Frankincense, a tree resin used in perfumes and incense, faces a projected decline in tree populations due to burning, grazing and insect attacks, scientists said.
Ecologists studied more than 6,000 Boswellia trees that produce the fragrant tree resin in northwestern Ethiopia and found that the tree populations signaled a major decline in tree growth over the next 15 years, scientists said.
The Journal of Applied Ecology published the results online Tuesday.
Current management of Boswellia populations is clearly unsustainable, Frans Bongers, forest ecologist at Wageningen University, The Netherlands and study author, said in a statement. Our models show that within 50 years populations of Boswellia will be decimated, and the declining populations mean frankincense production is doomed. This is a rather alarming message for the incense industry and conservation organizations.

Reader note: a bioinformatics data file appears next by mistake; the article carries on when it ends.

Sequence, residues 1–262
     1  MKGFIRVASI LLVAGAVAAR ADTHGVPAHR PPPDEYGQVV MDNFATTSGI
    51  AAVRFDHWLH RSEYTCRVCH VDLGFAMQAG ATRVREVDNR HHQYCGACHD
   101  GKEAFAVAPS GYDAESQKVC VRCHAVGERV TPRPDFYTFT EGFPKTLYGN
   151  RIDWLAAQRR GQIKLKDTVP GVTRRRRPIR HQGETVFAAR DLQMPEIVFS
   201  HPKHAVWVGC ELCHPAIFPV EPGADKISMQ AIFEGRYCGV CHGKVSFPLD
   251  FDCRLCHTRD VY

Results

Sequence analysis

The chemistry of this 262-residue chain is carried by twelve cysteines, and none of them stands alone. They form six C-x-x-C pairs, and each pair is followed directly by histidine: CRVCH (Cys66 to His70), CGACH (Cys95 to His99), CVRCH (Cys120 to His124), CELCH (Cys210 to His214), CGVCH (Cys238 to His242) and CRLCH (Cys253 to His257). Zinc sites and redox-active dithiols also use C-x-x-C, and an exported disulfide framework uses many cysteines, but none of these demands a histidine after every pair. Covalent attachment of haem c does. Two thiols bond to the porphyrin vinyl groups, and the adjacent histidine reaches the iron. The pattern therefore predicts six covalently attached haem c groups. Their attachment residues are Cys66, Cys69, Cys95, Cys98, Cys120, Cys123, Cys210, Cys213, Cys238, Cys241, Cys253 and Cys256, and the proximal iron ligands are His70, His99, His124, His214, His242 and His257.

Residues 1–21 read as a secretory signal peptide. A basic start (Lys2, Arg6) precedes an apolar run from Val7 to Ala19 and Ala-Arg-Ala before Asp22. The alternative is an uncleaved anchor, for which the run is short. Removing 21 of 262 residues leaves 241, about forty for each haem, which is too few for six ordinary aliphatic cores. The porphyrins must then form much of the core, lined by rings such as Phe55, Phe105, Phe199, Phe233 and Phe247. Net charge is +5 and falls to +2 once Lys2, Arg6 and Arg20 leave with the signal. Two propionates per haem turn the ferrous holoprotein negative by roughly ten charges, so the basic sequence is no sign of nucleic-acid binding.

Boswellia trees grow in Africa and the Arabian Peninsula. Their byproducts are frequently used in herbal remedies. Bongers said that extracting the resin is not the cause of decline.
Frankincense extraction is unlikely to be the main cause of population decline, which is likely to be caused by burning, grazing and attack by the long-horn beetle, which lays its eggs under the bark of the tree, Bongers said in a statement.
The declining population could also be due to the fact that older trees are not usually replaced. Wildlife and livestock may also have something to do with the decline.
The number of fires and intensity of grazing in our study area has increased over recent decades as a result of a large increase in the number of cattle, and this could be why seedlings fail to grow into saplings, Bongers said in a statement. At the same time, a large proportion of trees we studied died after being attacked by the long-horn beetle.